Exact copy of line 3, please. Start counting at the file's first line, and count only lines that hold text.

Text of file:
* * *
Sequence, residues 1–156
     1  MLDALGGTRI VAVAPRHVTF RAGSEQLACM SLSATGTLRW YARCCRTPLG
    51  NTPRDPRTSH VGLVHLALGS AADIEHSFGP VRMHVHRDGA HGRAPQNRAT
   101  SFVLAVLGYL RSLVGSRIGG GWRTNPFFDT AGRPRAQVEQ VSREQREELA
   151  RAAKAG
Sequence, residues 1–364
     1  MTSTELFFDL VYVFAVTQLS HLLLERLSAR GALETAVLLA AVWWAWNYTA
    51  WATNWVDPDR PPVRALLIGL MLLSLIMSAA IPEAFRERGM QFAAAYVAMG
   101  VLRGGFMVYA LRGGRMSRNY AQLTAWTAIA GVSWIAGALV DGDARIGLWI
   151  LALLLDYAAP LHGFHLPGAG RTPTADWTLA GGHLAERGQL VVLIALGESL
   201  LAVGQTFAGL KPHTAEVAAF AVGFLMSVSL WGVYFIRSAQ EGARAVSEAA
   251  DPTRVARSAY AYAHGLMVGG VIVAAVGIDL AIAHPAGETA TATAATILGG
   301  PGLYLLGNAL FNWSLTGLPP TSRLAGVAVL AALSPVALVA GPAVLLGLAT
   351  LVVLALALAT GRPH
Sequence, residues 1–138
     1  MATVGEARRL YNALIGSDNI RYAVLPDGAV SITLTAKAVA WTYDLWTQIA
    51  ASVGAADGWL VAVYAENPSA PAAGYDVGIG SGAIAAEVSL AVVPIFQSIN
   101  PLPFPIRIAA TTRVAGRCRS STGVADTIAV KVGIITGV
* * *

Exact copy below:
    51  NTPRDPRTSH VGLVHLALGS AADIEHSFGP VRMHVHRDGA HGRAPQNRAT